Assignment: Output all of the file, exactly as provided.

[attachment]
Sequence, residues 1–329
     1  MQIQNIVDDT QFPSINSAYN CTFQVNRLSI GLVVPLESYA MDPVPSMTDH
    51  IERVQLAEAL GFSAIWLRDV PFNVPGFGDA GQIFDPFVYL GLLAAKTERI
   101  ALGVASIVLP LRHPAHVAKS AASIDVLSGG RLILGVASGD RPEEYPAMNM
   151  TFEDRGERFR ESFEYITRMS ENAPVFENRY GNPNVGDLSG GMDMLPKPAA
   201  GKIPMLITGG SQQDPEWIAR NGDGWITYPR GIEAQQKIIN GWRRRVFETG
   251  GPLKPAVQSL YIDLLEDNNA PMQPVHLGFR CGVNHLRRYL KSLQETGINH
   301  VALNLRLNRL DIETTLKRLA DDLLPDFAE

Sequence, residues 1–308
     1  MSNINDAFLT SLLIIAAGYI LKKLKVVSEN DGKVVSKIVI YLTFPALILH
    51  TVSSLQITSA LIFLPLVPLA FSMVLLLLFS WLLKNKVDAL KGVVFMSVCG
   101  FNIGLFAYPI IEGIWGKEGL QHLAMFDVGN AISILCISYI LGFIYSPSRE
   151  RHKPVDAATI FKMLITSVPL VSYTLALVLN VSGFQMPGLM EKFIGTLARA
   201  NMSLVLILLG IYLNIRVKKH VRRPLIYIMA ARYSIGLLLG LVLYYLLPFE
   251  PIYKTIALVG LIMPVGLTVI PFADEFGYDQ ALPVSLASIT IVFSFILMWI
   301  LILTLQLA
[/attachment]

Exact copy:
Sequence, residues 1–329
     1  MQIQNIVDDT QFPSINSAYN CTFQVNRLSI GLVVPLESYA MDPVPSMTDH
    51  IERVQLAEAL GFSAIWLRDV PFNVPGFGDA GQIFDPFVYL GLLAAKTERI
   101  ALGVASIVLP LRHPAHVAKS AASIDVLSGG RLILGVASGD RPEEYPAMNM
   151  TFEDRGERFR ESFEYITRMS ENAPVFENRY GNPNVGDLSG GMDMLPKPAA
   201  GKIPMLITGG SQQDPEWIAR NGDGWITYPR GIEAQQKIIN GWRRRVFETG
   251  GPLKPAVQSL YIDLLEDNNA PMQPVHLGFR CGVNHLRRYL KSLQETGINH
   301  VALNLRLNRL DIETTLKRLA DDLLPDFAE

Sequence, residues 1–308
     1  MSNINDAFLT SLLIIAAGYI LKKLKVVSEN DGKVVSKIVI YLTFPALILH
    51  TVSSLQITSA LIFLPLVPLA FSMVLLLLFS WLLKNKVDAL KGVVFMSVCG
   101  FNIGLFAYPI IEGIWGKEGL QHLAMFDVGN AISILCISYI LGFIYSPSRE
   151  RHKPVDAATI FKMLITSVPL VSYTLALVLN VSGFQMPGLM EKFIGTLARA
   201  NMSLVLILLG IYLNIRVKKH VRRPLIYIMA ARYSIGLLLG LVLYYLLPFE
   251  PIYKTIALVG LIMPVGLTVI PFADEFGYDQ ALPVSLASIT IVFSFILMWI
   301  LILTLQLA